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post #5 of 72 (permalink) Old 03-17-2019, 10:10 AM Thread Starter
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Iíve learned a lot of things, but this subject is like an unfurnished area in my head. Iím liking it.

I think the answers to my questions about raising the antenna higher on the vehicle with pvc or fiberglass are...

Yes, I could raise it up. Height in mounting is your friend, but itís not practical for what Jeeps do.

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post #6 of 72 (permalink) Old 03-17-2019, 01:18 PM
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Raising the VHF antenna (or CB for that matter) a couple of feet for reasons other than moving it away from a mass of metal (i.e., you want better performance and improved line-of-sight) wouldn't matter very much - it's really not worth the trouble. Now if you are talking about a directional (beam) antenna for 2 Meters (145Mhz), moving it from say 8 feet to 50 feet would make a huge difference. Here's a link if you want to read more about line of sight at VHF and higher frequencies.
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post #7 of 72 (permalink) Old 03-18-2019, 07:04 AM
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I have mine in front, on the A pillar. In the rear my dead coyote rack is just too much mass of metal. The A pillar mount is not ideal or optimal, as seen on an SWR meter, and it does suffer the directional issue, but it works just fine for my purposes. Using the same Larsen 2/70 antenna on an NMO mag mount in the middle of the hood gets excellent SWR though. And putting it up in the middle of my coyote rack works superbly. So on my remote travels I just keep a mag mount base buried in my hope to never need stuff.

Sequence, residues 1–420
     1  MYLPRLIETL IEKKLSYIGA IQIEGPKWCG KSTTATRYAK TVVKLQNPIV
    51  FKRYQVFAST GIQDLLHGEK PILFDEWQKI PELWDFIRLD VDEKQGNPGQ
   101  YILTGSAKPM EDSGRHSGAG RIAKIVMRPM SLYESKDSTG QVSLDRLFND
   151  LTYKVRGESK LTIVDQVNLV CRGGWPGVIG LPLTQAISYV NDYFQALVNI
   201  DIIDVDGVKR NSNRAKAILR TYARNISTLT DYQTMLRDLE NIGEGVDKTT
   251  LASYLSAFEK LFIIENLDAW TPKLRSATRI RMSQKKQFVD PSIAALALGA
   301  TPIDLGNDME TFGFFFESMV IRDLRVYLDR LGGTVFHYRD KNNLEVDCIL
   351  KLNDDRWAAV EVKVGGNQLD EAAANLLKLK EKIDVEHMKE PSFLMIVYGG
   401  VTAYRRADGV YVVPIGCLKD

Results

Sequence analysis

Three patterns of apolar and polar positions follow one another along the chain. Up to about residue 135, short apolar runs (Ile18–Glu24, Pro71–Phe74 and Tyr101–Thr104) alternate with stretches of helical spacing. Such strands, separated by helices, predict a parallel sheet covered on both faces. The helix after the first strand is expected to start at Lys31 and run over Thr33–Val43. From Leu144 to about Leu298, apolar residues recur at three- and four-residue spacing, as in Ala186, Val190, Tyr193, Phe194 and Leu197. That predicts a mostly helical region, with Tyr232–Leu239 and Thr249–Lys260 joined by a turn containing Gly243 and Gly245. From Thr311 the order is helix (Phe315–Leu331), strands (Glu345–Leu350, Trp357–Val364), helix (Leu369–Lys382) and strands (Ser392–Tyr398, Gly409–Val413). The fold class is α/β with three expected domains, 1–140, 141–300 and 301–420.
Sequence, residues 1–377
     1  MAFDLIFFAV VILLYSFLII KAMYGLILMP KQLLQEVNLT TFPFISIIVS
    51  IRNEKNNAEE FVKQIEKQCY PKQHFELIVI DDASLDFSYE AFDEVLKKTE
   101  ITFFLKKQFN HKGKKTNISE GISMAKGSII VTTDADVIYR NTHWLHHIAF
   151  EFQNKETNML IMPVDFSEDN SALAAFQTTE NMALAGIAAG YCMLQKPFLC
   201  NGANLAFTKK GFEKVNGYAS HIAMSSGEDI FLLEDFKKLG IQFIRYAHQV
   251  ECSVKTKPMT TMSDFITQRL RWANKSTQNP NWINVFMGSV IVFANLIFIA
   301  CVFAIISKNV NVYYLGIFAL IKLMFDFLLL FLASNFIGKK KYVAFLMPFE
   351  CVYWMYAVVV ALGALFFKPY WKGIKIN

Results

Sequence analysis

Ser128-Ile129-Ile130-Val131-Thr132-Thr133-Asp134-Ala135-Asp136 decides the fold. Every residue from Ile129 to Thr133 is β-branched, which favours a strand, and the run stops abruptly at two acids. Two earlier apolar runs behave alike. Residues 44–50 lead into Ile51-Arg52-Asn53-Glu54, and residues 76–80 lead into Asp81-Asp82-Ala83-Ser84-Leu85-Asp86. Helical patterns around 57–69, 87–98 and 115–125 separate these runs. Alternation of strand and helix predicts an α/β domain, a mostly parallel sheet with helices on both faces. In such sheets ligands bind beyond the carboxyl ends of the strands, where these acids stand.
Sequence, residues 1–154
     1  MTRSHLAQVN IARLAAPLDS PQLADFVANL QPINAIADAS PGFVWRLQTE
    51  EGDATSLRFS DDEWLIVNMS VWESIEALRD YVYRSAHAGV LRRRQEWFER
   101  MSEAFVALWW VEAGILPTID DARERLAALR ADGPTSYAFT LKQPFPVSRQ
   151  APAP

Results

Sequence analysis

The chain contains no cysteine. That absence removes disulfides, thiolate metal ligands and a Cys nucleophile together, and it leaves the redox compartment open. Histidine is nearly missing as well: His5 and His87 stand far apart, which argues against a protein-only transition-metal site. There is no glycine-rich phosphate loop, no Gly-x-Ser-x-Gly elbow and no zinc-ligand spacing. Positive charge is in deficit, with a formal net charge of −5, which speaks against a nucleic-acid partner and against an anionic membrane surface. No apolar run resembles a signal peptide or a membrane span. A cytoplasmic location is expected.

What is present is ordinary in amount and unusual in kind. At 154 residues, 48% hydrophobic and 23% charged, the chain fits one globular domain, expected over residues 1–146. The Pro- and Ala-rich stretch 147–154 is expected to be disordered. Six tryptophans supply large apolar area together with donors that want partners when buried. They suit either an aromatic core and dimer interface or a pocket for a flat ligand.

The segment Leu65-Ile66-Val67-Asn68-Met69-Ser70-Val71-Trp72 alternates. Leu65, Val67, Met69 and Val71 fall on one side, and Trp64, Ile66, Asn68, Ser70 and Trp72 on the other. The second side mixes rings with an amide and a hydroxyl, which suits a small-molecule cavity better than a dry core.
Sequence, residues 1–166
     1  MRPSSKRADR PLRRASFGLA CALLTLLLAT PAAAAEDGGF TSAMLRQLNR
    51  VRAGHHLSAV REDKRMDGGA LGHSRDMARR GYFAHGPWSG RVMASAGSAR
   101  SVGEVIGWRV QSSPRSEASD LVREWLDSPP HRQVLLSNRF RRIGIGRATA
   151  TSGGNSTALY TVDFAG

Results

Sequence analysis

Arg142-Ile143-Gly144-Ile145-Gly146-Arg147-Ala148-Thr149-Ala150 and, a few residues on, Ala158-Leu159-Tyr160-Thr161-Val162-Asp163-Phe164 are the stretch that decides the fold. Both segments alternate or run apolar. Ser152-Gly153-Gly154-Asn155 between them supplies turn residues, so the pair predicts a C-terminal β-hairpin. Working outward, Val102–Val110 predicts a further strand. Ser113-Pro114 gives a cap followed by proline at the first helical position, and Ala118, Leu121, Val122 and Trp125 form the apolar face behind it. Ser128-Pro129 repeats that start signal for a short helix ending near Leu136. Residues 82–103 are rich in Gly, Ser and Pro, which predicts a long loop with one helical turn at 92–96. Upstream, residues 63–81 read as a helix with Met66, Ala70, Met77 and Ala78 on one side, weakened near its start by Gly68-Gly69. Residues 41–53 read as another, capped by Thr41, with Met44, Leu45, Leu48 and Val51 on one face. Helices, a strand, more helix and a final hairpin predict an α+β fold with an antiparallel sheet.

But I did briefly consider pulling out one of the hood snubbers and just permanently mounting it in the middle of the hood .



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post #8 of 72 (permalink) Old 03-18-2019, 10:04 AM
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Yes too close to the A. Mine is forward about 18" on the fender/hood crack and my SWR is not great due to the reflected signal relation to the A. Mid hood fixes that issue as will moving mine farther fwd.
You will get a similar result mounting in the tail light location, but not as bad as a near A location. In the back mid vehicle would be better.
Get an SWR that give fwd and reflected and you can see why the SWR is poor.

Quote:
Originally Posted by DAA View Post
I have mine in front, on the A pillar. In the rear my dead coyote rack is just too much mass of metal. The A pillar mount is not ideal or optimal, as seen on an SWR meter, and it does suffer the directional issue, but it works just fine for my purposes. Using the same Larsen 2/70 antenna on an NMO mag mount in the middle of the hood gets excellent SWR though. And putting it up in the middle of my coyote rack works superbly. So on my remote travels I just keep a mag mount base buried in my hope to never need stuff.

But I did briefly consider pulling out one of the hood snubbers and just permanently mounting it in the middle of the hood .
- DAA
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post #9 of 72 (permalink) Old 03-18-2019, 05:48 PM Thread Starter
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What do you guys like for an SWR meter?

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post #10 of 72 (permalink) Old 03-18-2019, 07:44 PM